SAN FRANCISCO -- Nearly 19 months after Tiger Woods outlasted John Daly in a classic showdown, the official word finally came down Tuesday: The best golfers in the world really will return to Harding Park.
The San Francisco Board of Supervisors approved the city's revised agreement with the PGA Tour by a 9-1 vote. That means five tournaments will come to Harding Park in the next 12 years, starting with the Presidents Cup in October 2009.
Tuesday's decision, reached only after feverish back-room negotiating the previous three weeks, did more than end lingering uncertainty about Harding's future as a venue for big-time golf. It also allowed the PGA Tour to add another layer to its rearranged schedule in the coming years -- a West Coast course to occasionally host elite events.
That gives the tour a chance to potentially push the conclusion of those tournaments into prime time on the East Coast, typically a boon for all-important television ratings.
The deal with San Francisco calls for the Presidents Cup in '09; the Schwab Cup, the Champions Tour's season-ending event, in 2010 and '11; the "penultimate event" of the PGA Tour's new playoff series in 2013 or '14; and another Presidents Cup, World Golf Championship or "penultimate" playoff event between 2014 and '19.
The BMW Championship (at Cog Hill outside Chicago) is the penultimate event on this year's inaugural FedEx Cup schedule. Commissioner Tim Finchem had said he was open to rotating playoff tournaments among different cities, as the agreement with San Francisco illustrates.
"We want to play these events on outstanding courses in major markets," tour spokesman Bob Combs said Tuesday. "San Francisco and Harding Park very much fits that mold."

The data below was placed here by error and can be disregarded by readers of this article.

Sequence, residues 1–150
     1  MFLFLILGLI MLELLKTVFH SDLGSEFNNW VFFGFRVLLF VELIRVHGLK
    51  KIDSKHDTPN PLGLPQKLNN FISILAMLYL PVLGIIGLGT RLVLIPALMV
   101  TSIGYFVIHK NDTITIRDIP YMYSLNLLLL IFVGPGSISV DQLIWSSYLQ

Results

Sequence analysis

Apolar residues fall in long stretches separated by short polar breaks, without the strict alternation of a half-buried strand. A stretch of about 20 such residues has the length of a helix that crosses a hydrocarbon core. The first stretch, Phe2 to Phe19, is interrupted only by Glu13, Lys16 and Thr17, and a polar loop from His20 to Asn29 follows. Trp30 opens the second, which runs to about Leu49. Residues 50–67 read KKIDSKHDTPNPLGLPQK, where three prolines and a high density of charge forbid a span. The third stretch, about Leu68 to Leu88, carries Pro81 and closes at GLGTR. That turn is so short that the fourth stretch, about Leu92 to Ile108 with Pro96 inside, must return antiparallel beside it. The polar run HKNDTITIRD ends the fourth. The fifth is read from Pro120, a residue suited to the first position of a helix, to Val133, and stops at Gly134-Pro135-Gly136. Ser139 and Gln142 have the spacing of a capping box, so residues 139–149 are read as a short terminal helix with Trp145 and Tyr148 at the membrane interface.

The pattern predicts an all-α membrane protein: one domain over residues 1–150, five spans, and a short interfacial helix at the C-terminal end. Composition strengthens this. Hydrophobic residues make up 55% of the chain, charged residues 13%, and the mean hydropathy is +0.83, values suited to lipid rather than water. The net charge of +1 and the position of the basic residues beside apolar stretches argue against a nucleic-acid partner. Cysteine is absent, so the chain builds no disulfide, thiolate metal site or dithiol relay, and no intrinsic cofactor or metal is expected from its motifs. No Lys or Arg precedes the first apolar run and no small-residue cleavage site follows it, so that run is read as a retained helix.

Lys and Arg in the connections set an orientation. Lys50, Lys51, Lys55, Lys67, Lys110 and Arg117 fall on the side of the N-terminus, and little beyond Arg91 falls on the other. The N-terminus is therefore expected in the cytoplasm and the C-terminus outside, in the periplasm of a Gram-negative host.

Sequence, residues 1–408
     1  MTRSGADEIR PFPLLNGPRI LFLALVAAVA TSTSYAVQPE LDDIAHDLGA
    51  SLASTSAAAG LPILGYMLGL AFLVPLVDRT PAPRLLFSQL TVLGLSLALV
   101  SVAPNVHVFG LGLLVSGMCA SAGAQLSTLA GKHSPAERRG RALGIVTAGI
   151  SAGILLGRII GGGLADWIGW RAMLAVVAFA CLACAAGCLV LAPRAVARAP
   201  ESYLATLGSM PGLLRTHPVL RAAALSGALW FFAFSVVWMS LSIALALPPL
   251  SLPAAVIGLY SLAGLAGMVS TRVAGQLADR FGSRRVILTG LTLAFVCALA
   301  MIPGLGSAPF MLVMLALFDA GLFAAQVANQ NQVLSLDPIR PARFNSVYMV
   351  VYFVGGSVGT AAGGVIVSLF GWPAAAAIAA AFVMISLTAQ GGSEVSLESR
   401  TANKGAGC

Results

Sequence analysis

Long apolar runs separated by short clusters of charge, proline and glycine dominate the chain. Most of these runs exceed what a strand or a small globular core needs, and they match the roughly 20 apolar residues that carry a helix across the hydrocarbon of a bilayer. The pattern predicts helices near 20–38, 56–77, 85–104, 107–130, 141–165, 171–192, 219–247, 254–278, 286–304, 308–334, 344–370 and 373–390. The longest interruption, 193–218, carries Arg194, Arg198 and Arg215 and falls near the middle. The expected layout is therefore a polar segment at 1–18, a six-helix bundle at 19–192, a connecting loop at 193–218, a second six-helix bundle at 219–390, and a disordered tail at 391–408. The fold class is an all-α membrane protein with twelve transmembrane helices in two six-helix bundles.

Harding hosted the American Express Championship in October 2005, the first tour event held there since 1969. The municipal course was the site of an annual tournament, the Lucky International, for much of the '60s, but Harding steadily slid into disrepair before a $23 million renovation in 2002 and '03.
The AmEx was the first of five tournaments promised to the city, but the PGA Tour had not indicated how it planned to fulfill the rest of its commitment. Then, in February, the city and tour reached a tentative agreement on a new plan, highlighted by the Presidents Cup -- only to find unexpected obstacles wading through the thicket of San Francisco politics.
City supervisors attached a "do not pass" recommendation to the agreement at a committee meeting on April 11. The city lost more than $140,000 on the AmEx, and officials were leery of committing to more tournaments likely to sustain losses.
Supervisor Sean Elsbernd, who represents the district that includes Harding Park, reworked financial terms with the tour, which now will pay the city $1 million for each event. The city will use the money to cover its costs and will direct leftover funds to The First Tee of San Francisco. Previously, the tour agreed to pay $500,000 to the city and another $500,000 to The First Tee.
"Now the challenge is making sure the course is ready," Elsbernd said, peering toward the Presidents Cup. "We did it once and we'll do it again. It will be a challenge, but I have every confidence we'll meet it."
Harding is well suited for match play, mostly because of its interesting stretch of closing holes alongside Lake Merced. No. 16, for example, is a short par-4 guarded by a thick grove of trees on the right, giving players the choice of hitting driver (as Daly often did during the AmEx) or safely firing an iron shot to the left (as Woods did).
No. 17 is a short but treacherous par-3 vulnerable to wind off the lake. No. 18 requires a long drive over water, and the fairway then bends left to a sloping green.
"I think Harding was a great course," Jim Furyk, the No. 2-ranked player in the world, said earlier this year. "I never saw it before the remodel, but it was a treat for the AMEX, the guys really enjoyed it."
Northern California has a series of major tournaments on tap, starting with the U.S. Amateur this summer at San Francisco's Olympic Club. Then, after the Presidents Cup at Harding in '09, Pebble Beach will host its fifth U.S. Open in 2010, and Olympic will host its fifth Open in 2012.
Ron Kroichick is the national golf writer for the San Francisco Chronicle.